jimfdz
jimfdz

I took a linux sys-admin course a while back using Fedora and it seemed like we did everything the hardest way possible with incomplete information. I had never heard of linuxconf until I read your account of Yast2 administration. A Google search on linuxconf turned up the Linuxconf home website: http://www.solucorp.qc.ca/linuxconf/ I will try that out in the next few months along with the Suse and Mandriva approaches.

stress junkie
stress junkie

You asked why some obvious applets are missing in YaST2. I don't know because I lost interest in Novell SuSE but it is possible that the applets that you didn't find in OpenSuSE would be available in their retail versions. I think that Novell is positioning OpenSuSE to serve as a demo desktop distribution with the idea that if you want more you may find it in their non-free versions. If that is the case then it makes sense that they would not include server service configuration tools in a desktop distribution. I'm just speculating but it makes sense to me. I was always positively impressed with YaST2. I had worked with Unix and Linux distributions for a long time and had to do things the hard way, learning which configuration files to edit or create for each function. That is just stupid. YaST2 was the first good Linux system administrator's tool that I found. (I discovered SuSE Linux just before Novell purchased them.) I loved SuSE Linux mostly due to YaST2. These days I'm using PCLinuxOS which uses the system administration tool from Mandriva. I'd say that the Mandriva system configuration tool is very comparable to YaST2. The thing that I like about it, as it is used in PCLOS v93a, is that you can easily configure wireless network cards. This area is one of the last sticking points keeping people from using Linux on notebook computers. Heck, I didn't even try to configure the wireless network card on my own notebook before I tried PCLOS. It just seemed like too much trouble, and I've been using Linux for a long time. In summary, YaST2 is very good. It is possible that the retail versions of SuSE would include the server service configuration applets that are apparently not inluded in OpenSuSE. My preference these days is for PCLOS, but we'll see if that remains the case when the new PCLOS (v94) is released. I'm nervous about what functions PCLOS might lose with the new version.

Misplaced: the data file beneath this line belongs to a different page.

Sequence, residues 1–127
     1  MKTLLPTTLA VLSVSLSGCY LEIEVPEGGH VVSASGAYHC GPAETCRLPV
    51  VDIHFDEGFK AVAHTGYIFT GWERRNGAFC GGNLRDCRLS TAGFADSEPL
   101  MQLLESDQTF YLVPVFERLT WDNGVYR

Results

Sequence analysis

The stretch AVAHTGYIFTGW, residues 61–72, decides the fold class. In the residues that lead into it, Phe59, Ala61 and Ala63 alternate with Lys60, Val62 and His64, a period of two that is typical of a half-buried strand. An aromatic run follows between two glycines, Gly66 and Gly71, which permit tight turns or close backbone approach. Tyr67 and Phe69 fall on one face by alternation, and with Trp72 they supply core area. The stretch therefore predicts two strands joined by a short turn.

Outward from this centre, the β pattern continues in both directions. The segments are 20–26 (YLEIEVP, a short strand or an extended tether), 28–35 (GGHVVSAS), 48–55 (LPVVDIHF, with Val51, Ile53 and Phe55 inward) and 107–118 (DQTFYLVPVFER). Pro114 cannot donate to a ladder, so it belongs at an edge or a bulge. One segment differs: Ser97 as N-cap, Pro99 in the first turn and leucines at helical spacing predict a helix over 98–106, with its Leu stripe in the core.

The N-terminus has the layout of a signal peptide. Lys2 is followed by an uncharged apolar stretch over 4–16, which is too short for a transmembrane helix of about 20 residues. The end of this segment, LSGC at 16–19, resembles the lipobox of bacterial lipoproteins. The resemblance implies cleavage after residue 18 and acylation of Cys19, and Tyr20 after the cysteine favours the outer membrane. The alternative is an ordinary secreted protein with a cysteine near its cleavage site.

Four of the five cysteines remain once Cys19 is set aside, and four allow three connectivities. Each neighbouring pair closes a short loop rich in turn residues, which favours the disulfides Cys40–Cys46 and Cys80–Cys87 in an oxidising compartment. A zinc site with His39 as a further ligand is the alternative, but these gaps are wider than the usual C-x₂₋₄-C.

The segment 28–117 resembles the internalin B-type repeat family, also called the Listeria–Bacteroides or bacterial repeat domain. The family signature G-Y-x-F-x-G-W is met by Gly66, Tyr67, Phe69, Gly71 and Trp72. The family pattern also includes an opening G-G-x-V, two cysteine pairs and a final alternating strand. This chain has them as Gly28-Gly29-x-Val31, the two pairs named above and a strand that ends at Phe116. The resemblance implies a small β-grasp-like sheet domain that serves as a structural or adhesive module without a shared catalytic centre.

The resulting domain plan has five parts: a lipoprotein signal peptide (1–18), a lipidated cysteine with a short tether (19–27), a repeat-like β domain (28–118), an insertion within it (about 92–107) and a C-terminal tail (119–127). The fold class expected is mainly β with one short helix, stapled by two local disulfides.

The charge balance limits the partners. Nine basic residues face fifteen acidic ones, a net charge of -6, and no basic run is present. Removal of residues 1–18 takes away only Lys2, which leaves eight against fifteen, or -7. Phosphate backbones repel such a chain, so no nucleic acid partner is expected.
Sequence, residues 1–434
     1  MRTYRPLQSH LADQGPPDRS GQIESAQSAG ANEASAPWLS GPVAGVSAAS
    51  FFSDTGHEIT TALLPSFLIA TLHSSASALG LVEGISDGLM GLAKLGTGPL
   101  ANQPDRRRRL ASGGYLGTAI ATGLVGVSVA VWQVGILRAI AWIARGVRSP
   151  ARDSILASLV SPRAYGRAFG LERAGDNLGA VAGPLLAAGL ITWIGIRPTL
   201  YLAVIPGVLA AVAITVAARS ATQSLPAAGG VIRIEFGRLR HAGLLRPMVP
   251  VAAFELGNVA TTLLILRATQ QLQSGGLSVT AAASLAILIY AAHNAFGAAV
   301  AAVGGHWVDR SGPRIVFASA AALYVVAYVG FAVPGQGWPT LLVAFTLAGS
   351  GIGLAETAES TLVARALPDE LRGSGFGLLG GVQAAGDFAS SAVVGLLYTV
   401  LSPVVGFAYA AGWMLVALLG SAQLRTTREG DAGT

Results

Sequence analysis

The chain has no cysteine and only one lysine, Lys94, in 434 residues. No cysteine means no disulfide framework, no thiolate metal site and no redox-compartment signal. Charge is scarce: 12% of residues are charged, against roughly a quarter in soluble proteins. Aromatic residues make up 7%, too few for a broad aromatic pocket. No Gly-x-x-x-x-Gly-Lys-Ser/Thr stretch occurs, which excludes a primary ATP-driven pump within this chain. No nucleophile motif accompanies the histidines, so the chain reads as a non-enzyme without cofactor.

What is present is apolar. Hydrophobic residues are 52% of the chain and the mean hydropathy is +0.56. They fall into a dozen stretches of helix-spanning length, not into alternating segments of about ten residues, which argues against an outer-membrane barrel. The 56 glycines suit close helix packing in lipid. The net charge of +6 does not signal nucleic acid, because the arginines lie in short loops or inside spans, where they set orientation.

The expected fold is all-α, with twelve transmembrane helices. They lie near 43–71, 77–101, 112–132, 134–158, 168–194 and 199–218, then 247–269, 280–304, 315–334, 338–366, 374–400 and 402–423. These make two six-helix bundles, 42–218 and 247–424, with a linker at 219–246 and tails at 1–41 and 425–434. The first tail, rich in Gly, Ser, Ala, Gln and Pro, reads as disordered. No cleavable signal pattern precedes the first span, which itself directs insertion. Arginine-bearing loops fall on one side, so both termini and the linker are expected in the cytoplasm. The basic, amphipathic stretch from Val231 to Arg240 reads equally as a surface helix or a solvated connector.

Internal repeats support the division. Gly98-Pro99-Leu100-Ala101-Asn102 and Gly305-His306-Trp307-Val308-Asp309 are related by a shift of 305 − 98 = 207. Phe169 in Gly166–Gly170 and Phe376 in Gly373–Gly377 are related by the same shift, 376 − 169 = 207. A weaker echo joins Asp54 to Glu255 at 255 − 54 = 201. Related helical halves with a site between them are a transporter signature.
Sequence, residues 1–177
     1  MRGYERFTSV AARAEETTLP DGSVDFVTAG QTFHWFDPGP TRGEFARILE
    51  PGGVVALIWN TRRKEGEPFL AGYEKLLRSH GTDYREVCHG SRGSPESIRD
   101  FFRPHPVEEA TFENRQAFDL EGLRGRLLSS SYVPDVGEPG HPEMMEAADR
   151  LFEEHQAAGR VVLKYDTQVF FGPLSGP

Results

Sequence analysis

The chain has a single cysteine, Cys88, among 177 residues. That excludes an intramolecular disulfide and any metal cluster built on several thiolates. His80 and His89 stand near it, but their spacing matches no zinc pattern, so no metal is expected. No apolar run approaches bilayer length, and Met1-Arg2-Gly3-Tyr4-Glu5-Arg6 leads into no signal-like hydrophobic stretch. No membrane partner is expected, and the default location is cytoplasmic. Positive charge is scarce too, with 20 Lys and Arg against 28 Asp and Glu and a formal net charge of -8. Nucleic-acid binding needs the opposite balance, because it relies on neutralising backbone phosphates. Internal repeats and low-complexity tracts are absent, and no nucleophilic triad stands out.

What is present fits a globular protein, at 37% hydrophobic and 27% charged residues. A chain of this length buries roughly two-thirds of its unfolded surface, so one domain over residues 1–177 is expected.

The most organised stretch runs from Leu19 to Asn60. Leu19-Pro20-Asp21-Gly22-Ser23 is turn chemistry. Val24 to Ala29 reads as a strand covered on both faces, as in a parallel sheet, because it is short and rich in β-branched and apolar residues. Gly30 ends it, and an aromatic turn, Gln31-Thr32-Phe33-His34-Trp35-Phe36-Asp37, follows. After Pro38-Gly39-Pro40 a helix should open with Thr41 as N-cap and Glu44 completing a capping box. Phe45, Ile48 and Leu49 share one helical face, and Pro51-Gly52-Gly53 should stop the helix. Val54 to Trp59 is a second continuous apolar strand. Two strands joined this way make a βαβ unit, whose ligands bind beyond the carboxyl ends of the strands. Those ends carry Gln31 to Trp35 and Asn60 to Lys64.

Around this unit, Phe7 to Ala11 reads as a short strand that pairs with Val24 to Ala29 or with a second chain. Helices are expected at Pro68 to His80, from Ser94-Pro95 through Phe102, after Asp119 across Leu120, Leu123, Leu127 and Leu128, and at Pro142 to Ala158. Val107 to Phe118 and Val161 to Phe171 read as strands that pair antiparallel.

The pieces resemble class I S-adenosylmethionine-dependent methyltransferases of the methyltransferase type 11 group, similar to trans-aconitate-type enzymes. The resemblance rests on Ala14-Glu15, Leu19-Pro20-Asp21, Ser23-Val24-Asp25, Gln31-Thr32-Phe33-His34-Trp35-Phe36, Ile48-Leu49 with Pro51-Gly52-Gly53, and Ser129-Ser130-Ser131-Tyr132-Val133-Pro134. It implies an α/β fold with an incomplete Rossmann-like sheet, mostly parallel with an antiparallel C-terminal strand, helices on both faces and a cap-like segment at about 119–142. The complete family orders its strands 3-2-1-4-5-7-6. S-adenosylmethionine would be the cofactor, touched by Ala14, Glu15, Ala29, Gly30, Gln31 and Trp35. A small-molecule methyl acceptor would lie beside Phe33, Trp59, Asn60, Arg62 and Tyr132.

jlwallen
jlwallen

and i would like to think that larger corporations, with larger IT staff, could take advantage of the open source nature of the software and roll what they need into the administration package. and then of course share it. ;-)

jlwallen
jlwallen

and it's still a great tool. thing is it's not included in any distro that i know of. it used to be standard fare for most releases.

Haas
Haas

But I am hopeful that they will come up with a much refined tool in the near future. As a consultant I try to recommend open source to my clients as a cost effective way to deploy technology in their biz. Since time is money, I cannot afford spending my time doing my work from the command line, I like to use the GUI tools, fix the problem, and move on. It's faster and efficient. Currently I am testing CentOS for a client and I do like it a lot. Check it out. It's great for web, ftp, mail, and more. FYI, CentOS is an open source project that takes the source packages Red Hat Inc. offers to users as a free public download under the GPL.

Justin Fielding
Justin Fielding

I must say I'm not a fan of SUSE nor YaST. I administer quite a few SLES servers but always find YaST cumbersome and at times quite irritating. As I've become more experienced in administering Linux machines I have found I prefer to use Debian and configure everything from the command line (I don't install X too often) as I then know exactly where everything is and how it's configured.

Neon Samurai
Neon Samurai

You beat me too it though. I'm a Windows convert so the GUI tools have been indispensable while learning the cli way of doing things. It's particularly nice that the drake tools function in both X and the console. The author has a good point though; there are some things that would benefit from more uniformity.

stress junkie
stress junkie

Long ago I used to run MS-DOS v3 machines and I would edit the autoexec.bat and config.sys files. Then I started to use Windows v3 and I edited the win.ini and the system.ini files. Once Windows got GUI system administration tools I didn't see the point of looking for files to edit. I take the same view to configuring Unix and Linux. If I can find GUI applets to edit all those horrible little files for me then I'll use them. :)

jlwallen
jlwallen

I've been running Linux for nearly 10 years now. I started with the command line and will probably end with the command line ("In The Beginning" reference here anyone?). But, because I write for companies that need to show the GUI, I have to use the GUI. And in the process of using the GUI I have grown, well, accustomed to them. I think if Fedora would take all of their "system-config-*" tools and house them in one tool they might come up with a winner. But I'm not sure I see that coming in the near future. Right now Fedora is too consumed with getting their new "Spins" right on FC7 - which I think is a mistake.